THE FIRST DAY OF THE BATTLE OF GETTYSBURG, WEDNESDAY, JULY 1, 1863.
On the morning of the 1st of July,
General Buford, as stated, held the ridges to the
west of Gettysburg, with his cavalry division, composed
of Gamble’s and Devin’s brigades.
His vedettes were thrown far out toward the
enemy to give timely notice of any movement for he
was determined to prevent the rebels from entering
the town if possible, and knew the First Corps would
soon be up to support him. The enemy were not
aware that there was any considerable force in the
vicinity, and in the morning sent forward Heth’s
division of Hill’s corps to occupy the place,
anticipating no difficulty in doing so. Buford
in the meantime had dismounted a large part of his
force, had strengthened his line of skirmishers, and
planted his batteries at the most commanding points.
General Reynolds, in consequence of
the duties devolving upon him as commander of the
Left Wing of the army, that is of the First, Third,
and Eleventh Corps, had turned over the command of
the First Corps to me. He now made immediate
dispositions to go forward to assist Buford.
As my corps was largely engaged in
the first day’s operations, I must be excused
for having a good deal to say in the first person
in relation to them. Reynolds sent for me about
six o’clock in the morning, read to me the various
despatches he had received from Meade and Buford,
and told me he should go forward at once with the
nearest division-that of Wadsworth-to
aid the cavalry. He then instructed me to draw
in my pickets, assemble the artillery and the remainder
of the corps, and join him as soon as possible.
Having given these orders, he rode off at the head
of the column, and I never saw him again.
The position of the two armies on
the morning of the 1st of July, was as follows:
The First Corps at Marsh Creek; the Second and Third
Corps at Taneytown; the latter being under orders to
march to Emmetsburg, to relieve the Eleventh Corps,
which was directed to join the First Corps at Gettysburg;
the Twelfth Corps was at Two Taverns; the Fifth Corps
at Hanover, and the Sixth Corps about thirty-five
miles off to the right at Manchester. Kilpatrick’s
and Gregg’s divisions of cavalry were also at
Hanover. The Confederate army was advancing
on Gettysburg from the west and north. The concentration
of their troops and the dispersion of ours are indicated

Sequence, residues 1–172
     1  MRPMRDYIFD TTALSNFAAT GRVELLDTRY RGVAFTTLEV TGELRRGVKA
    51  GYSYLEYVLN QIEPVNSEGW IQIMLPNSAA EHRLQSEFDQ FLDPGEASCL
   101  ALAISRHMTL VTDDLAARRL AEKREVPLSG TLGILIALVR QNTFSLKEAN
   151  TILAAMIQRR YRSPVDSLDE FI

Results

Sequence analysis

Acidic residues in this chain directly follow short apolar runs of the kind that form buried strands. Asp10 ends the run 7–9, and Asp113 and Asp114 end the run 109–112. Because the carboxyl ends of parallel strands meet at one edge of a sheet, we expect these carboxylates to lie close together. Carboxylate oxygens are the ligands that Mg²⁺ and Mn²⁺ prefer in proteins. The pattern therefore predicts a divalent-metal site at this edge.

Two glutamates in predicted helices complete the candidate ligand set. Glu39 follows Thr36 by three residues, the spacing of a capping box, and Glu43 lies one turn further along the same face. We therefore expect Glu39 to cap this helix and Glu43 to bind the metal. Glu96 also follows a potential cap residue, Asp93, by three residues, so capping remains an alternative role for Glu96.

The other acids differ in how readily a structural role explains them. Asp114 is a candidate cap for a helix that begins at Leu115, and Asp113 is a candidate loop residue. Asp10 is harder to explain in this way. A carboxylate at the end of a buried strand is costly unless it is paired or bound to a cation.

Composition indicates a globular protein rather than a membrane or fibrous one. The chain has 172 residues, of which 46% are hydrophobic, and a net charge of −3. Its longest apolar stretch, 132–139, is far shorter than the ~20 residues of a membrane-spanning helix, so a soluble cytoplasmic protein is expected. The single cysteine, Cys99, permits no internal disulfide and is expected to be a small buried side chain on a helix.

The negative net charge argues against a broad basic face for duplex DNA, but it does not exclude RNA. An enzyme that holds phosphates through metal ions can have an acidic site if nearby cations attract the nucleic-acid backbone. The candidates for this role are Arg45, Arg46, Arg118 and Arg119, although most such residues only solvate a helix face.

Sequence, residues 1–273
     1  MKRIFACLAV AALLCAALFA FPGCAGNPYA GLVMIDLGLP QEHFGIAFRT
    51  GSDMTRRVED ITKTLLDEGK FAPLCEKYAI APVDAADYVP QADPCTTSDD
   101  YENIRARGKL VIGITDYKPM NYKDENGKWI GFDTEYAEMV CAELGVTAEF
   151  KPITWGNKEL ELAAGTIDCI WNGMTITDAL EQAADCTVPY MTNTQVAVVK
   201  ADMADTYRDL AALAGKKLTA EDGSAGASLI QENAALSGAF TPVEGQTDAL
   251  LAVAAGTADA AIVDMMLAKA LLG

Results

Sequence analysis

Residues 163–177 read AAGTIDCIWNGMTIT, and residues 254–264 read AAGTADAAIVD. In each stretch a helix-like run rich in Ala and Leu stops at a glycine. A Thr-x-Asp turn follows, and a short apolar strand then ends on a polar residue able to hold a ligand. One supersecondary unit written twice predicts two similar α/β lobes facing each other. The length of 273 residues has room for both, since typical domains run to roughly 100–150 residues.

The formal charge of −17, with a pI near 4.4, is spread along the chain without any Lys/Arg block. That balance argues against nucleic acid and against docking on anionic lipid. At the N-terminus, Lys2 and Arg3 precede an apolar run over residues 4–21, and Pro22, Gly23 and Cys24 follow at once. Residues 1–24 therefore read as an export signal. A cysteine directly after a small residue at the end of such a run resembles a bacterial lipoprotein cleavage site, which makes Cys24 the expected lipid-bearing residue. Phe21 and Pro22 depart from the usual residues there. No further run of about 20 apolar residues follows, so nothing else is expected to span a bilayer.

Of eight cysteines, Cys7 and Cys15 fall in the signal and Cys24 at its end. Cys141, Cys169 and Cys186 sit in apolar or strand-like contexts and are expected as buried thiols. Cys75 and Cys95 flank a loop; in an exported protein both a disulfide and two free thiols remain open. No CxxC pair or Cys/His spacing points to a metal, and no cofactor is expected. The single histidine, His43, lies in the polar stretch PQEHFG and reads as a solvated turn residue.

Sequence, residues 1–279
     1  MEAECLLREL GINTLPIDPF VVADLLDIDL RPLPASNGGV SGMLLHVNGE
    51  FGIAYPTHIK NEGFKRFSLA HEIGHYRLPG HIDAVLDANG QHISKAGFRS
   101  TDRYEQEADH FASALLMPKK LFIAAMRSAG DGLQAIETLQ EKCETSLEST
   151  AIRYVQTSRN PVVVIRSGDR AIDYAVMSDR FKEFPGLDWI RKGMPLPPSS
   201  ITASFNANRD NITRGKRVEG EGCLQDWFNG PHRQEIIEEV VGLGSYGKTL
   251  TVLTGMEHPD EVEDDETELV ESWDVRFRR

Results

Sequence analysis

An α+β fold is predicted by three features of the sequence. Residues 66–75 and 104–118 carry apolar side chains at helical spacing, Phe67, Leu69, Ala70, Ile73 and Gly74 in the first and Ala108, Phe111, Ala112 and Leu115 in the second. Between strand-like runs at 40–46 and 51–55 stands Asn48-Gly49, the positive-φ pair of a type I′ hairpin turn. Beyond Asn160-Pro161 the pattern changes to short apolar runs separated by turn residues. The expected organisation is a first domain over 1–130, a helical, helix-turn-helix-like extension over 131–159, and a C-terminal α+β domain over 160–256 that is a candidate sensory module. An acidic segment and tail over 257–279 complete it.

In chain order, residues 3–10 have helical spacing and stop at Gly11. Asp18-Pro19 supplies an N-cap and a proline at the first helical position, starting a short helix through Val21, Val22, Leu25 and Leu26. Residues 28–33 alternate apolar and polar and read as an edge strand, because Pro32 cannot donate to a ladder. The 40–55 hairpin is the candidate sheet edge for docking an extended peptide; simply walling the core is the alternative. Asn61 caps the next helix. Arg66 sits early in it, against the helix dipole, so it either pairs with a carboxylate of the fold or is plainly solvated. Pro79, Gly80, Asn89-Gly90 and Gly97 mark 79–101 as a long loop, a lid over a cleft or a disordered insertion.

on the map.
It must be remembered that the enemy
had but three corps, while the Union army had
seven. Each of their corps represented
a third, and each of ours a seventh,
of our total force. The same ratio extended
to divisions and brigades.
Heth’s division, which started
early in the morning to occupy the town, soon found
itself confronted by Buford’s skirmishers, and
formed line of battle with Archer’s and
Davis’ brigades in front, followed by those
of Pettigrew and Brockenborough. At 9 A.M. the
first gun was heard. Buford had three cannon-shots
fired as a signal for his skirmish line to open on
the enemy, and the battle of Gettysburg began.
[ Lt.-Col. Kress, of General
Wadsworth’s staff, entered Gettysburg about
this time and found General Buford surrounded by his
staff in front of the tavern there. Buford turned
to him and said, “What are you doing here, sir?”
Kress replied that he came on to get some shoes for
Wadsworth’s division. Buford told him that
he had better return immediately to his command.
Kress said, “Why, what is the matter, general?”
At that moment the far off sound of a single gun
was heard, and Buford replied, as he mounted his horse
and galloped off, "That’s the matter."]
As the rebels had had several encounters
with militia, who were easily dispersed, they did
not expect to meet any serious resistance at this
time, and advanced confidently and carelessly.
Buford gave way slowly, taking advantage of every
accident of ground to protract the struggle.
After an hour’s fighting he felt anxious, and
went up into the steeple of the Theological Seminary
from which a wide view could be obtained, to see if
the First Corps was in sight. One division of
it was close at hand, and soon Reynolds, who had preceded
it, climbed up into the belfry to confer with him there,
and examine the country around. Although there
is no positive testimony to that effect, his attention
was doubtless attracted to Cemetery Ridge in his rear,
as it was one of the most prominent features of the
landscape. An aide of General Howard-presumably
Major Hall-soon after Reynolds descended
from the belfry, came up to ask if he had any instructions
with regard to the Eleventh Corps. Reynolds,
in reply, directed that General Howard bring his corps
forward at once and form them on Cemetery Hill
as a reserve. General Howard has no recollection
of having received any such orders, but as he did
get orders to come forward, and as his corps was to
occupy some place in rear, as a support to the
First Corps, nothing is more probable than that General
Reynolds directed him to go there; for its military
advantages were obvious enough to any experienced
commander. Lieutenant Rosengarten, of General
Reynolds’ staff, states positively that he was
present and heard the order given for Howard to post
his troops on Cemetery Ridge. The matter is of
some moment, as the position in question ultimately
gave us the victory, and Howard received the thanks
of Congress for selecting it. It is not to be
supposed that either Howard or Rosengarten would mistake
the matter. It is quite probable that Reynolds
chose the hill simply as a position upon which his
force could rally if driven back, and Howard selected